What do readers see when they first look at your posts? Are they drawn in . . . or taken aback?
I have been blogging for a little over a year here on LinkedIn, and many readers know that my main focus is teaching American grammar. I do this to help the writers who follow this system look and sound as smart as they are.
Lately, however, I’ve seen a few posts that are well written, but their “image” is just awful. Occasionally before I even read a post, I get caught up in the look of it, which throws me off and sometimes turns me off as well.
I’m talking about formatting here — using the space and the few tools we have on LI intelligently and professionally, so that we draw readers in rather than repel them.
While there aren’t many ways LI lets us personalize our posts, there are a few ideas that are important for all of us to consider.
1. First of all, please use the default font size that we’re given for most of the post — not this one! If you use h1 or h2 or the quote mark at the top to highlight something, that’s fine. But to write in all HUGE letters (as I have done here in h1) makes me — and perhaps others — recoil. It’s another version of shouting, and it hurts your professional image.
Ah, this version is better, isn’t it?
1. First of all, please use the font that we’re given for most of the post. If you use h1 or h2 or the quote mark at the top to highlight something, that’s fine. But to write in all HUGE letters makes me — and perhaps others — recoil. It’s another version of shouting, and it hurts your professional image.
2. Put a space between each paragraph, so your ideas stand out clearly. Writing line after line after line without a break makes it really hard for us to read! No paragraph should ever be longer than about eight lines. Yes, I’m serious. You may have grown up hearing that if you don’t have a new thought you can’t create a new paragraph. Trust me on this: that doesn’t work in business writing. Give your readers the benefit of white space, so they can take in your thoughts clearly.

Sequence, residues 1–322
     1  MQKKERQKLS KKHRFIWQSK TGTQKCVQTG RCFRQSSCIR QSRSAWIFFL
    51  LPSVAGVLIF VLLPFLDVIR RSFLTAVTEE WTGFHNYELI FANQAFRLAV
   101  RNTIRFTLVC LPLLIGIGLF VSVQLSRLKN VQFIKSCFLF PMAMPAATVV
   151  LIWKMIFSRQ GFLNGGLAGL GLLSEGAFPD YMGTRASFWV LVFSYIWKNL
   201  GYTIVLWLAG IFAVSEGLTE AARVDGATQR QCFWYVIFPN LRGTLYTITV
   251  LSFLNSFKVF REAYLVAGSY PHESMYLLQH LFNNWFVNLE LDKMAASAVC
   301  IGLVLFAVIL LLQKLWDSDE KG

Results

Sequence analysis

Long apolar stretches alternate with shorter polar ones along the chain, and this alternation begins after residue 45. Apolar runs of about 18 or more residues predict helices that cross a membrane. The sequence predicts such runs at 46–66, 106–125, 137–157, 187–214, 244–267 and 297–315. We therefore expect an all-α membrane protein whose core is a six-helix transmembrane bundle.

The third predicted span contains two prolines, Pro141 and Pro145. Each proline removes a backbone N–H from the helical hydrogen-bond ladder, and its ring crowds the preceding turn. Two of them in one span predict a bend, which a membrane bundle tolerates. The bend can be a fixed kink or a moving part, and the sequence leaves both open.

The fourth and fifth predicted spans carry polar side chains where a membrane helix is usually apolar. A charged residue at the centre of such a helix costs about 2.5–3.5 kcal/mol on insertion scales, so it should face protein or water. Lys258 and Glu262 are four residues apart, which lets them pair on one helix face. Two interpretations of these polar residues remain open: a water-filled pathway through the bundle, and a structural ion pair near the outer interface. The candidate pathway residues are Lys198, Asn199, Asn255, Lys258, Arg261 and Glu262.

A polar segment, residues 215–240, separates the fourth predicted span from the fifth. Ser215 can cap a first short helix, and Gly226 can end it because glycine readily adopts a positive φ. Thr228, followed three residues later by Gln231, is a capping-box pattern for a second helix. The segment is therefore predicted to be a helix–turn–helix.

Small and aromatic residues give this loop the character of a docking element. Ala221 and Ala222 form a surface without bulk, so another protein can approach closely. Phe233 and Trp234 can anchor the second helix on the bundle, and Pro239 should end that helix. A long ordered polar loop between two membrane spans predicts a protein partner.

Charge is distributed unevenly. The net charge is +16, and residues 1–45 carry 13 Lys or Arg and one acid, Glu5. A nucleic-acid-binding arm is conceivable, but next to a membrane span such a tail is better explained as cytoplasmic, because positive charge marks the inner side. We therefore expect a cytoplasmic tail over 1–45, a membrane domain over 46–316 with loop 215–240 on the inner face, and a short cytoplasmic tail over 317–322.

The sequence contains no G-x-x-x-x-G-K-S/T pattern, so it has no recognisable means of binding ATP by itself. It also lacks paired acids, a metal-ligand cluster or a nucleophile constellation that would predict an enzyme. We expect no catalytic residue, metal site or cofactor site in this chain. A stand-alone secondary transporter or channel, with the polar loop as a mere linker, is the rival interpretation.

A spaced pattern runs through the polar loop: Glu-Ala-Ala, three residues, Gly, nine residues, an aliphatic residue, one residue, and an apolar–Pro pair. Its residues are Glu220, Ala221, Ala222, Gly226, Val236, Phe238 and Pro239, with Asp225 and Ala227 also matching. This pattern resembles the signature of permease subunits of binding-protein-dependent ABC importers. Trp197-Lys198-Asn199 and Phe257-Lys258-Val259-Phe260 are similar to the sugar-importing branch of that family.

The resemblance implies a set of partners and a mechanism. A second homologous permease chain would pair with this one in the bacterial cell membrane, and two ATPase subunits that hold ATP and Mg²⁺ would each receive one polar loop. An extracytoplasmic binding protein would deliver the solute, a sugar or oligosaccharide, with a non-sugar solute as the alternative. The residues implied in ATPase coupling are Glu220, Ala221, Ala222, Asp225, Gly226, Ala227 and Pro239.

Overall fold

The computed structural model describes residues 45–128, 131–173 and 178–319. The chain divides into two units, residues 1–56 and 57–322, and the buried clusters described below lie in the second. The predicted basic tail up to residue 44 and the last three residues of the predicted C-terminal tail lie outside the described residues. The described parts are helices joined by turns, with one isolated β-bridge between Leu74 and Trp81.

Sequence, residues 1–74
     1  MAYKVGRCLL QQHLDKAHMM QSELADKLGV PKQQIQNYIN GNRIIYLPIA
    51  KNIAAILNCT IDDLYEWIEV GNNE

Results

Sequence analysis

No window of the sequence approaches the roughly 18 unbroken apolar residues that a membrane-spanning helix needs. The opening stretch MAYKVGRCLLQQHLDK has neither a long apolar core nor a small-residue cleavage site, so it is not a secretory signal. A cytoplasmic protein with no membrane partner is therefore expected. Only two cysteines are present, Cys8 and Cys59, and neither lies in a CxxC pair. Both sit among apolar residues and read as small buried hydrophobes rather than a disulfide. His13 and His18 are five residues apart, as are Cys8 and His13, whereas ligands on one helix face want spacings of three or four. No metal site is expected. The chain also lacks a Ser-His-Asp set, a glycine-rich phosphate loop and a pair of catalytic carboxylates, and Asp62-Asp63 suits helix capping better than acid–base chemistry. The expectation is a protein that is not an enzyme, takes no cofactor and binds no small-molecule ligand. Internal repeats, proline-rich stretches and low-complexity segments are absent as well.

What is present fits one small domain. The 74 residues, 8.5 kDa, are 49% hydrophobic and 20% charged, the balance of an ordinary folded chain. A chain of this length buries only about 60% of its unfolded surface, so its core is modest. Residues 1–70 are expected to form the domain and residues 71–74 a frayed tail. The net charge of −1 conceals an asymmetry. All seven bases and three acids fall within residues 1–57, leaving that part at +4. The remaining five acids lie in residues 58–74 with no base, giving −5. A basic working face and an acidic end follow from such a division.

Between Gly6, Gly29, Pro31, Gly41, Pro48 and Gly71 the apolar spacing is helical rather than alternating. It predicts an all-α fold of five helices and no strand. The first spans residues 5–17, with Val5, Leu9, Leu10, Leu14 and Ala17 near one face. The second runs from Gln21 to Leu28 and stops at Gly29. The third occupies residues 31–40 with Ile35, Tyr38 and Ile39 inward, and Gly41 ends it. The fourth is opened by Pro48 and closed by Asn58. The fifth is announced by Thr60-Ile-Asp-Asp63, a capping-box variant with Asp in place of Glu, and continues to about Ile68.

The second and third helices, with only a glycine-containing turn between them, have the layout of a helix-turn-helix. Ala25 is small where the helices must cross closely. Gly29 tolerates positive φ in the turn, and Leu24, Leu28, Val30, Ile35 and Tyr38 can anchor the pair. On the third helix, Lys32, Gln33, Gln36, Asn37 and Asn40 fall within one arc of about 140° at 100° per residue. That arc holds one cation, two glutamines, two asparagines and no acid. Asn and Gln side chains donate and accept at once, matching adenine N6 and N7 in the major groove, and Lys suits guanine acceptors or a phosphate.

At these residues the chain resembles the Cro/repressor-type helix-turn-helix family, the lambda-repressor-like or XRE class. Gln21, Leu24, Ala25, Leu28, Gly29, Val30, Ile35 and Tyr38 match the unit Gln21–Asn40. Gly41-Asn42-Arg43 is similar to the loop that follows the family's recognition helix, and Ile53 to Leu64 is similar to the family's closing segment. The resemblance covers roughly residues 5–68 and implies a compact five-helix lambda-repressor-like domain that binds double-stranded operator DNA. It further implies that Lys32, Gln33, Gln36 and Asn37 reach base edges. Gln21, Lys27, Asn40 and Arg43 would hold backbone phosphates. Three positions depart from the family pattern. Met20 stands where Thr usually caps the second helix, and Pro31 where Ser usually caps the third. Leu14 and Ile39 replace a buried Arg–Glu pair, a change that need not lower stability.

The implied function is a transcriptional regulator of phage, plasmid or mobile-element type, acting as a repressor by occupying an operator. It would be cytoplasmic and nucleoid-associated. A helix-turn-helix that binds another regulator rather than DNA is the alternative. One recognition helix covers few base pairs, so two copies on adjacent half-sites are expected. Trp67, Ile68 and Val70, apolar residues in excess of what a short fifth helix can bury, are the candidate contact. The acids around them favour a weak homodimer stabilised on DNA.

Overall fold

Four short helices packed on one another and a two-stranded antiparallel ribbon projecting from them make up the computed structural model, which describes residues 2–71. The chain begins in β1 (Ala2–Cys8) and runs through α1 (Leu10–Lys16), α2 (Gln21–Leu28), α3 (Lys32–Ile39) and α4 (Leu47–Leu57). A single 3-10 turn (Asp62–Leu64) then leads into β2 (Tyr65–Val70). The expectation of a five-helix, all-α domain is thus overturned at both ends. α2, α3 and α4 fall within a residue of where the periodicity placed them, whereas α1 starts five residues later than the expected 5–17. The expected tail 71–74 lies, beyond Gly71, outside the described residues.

White space is very reassuring to most readers. It says the reader won’t have to work too hard to read our post.
FYI: Normally, with regular document programs like Word, we double-space between paragraphs, but here on LI one hit on the enter key will do the same job.
3. Keep your sentences short, especially if you don’t quite know how to use commas, colons, and/or semicolons well. I’m not saying you should write only five-word sentences; that would make you look as though you’d never left second grade! But writing a sentence that is more than about 20 words, even if it’s punctuated correctly, makes many readers work too hard.
4. Save the centered text for those few quotes you want to stand out. Otherwise, be sure to use the default left-side margins, so your post looks like stuff we’d find in most books.
5. Indent either five spaces on the first line, or leave it blocked to the left. Those are the two typical standards, and most readers won’t notice what you’ve done because it’s what they expect. I’ve seen many writers who indent two or three spaces — sometimes changing it in each paragraph — and it always looks odd to me. Now, if that’s the norm for YOUR grammar/writing system, then ignore this #5. But if you’ve never been sure how to do it, you might use one of my suggestions.
My main point here is to help all of us remember we’re writing to inform others of something. When our style gets in the way, our message may get lost or muddied.
I would love to hear your thoughts on this; you may have a wonderful idea or two for formatting that will help everyone in our networks continue to look professional in our posts.